National missile defense proponents and supporters of American abrogation of the 1972 Antiballistic Missile (ABM) Treaty claim that Moscow is now grudgingly reconciled to both. When Russian President Vladimir Putin and Defense Minister Sergei Ivanov irritably countered such suggestions, the Bush administration sent Defense Secretary Donald Rumsfeld on a one-day trip to Moscow on August 13. Mr. Rumsfeld’s was not a diplomatic mission, however, but an exercise in public relations. Two days before the trip, the New York Times conveyed Washington’s view that “the outcome is preordained,” since, on missile defense, “the United States is unyielding.” After the meeting, Ivanov complained that Rumsfeld had failed to explain why he thought the treaty should be scrapped and did not say how many offensive nuclear weapons the United States was prepared to destroy in return for Russian concessions on missile defense.

Why did Mr. Rumsfeld clock 20,000 frequent-flyer miles merely to talk to his Russian counterpart about “a new relationship” between the two countries that would supposedly require them to “move beyond the Cold War institutions such as the ABM treaty”? The reason is simple: The administration wanted to cite his trip as proof of its good-faith effort to appease the Russians and make them into “strategic partners” before President Bush announces America’s unilateral withdrawal from the ABM treaty. This is likely to happen soon, paving the way for an aggressive antiballistic test schedule in the spring of 2002. In short, as one Washington source put it, “we are on automatic pilot, and there’s nothing, nothing, the Russians can do about it.”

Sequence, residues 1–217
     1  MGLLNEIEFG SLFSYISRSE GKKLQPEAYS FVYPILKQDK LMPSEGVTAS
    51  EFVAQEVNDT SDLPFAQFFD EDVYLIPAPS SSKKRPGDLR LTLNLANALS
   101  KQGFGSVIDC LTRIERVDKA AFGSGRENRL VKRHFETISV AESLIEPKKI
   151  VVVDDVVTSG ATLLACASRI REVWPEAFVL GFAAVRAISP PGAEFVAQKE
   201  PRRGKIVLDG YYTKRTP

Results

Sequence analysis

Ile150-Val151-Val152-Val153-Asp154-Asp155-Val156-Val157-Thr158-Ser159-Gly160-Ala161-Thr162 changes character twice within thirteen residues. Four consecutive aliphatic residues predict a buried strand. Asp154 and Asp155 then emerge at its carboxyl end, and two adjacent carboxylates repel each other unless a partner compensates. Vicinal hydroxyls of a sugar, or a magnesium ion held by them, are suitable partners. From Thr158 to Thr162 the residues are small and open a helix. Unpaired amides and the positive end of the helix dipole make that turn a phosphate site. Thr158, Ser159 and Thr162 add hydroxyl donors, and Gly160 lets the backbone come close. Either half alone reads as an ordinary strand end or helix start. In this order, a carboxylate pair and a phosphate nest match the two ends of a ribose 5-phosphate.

Such neoconservative triumphalism—said to be particularly rampant in Rumsfeld’s own department, where Paul Wolfowitz serves as his right-hand man—is no substitute for coherence, and the apparent ability of the Bush administration to go ahead with “son of Star Wars” is not proof that the policy is desirable or justified. It carries hidden political and security costs that may become fully apparent only when it is too late to reverse the decision. One key consequence of the missile defense project is the continuing improvement in Russo-Chinese relations. Their current rapprochement may provide the groundwork for the emergence of a formal alliance, if Moscow and Beijing continue to feel threatened by what they perceive as American unilateralism. Foreign-affairs commentators have taken but scant notice of the fact that President Putin came to the Genoa summit with President Bush in July only two days after signing a landmark friendship treaty with China that was obviously designed to challenge American influence. He and his Chinese counterpart, Jiang Zemin, were careful to emphasize that they were not creating a military alliance, but in the same breath they issued a joint statement supporting the ABM Treaty. After the signing ceremony in the Kremlin, President Jiang said that the friendship treaty “will bring Russian-Chinese friendship from generation to generation. This is a milestone in the development of Russian-Chinese relations.”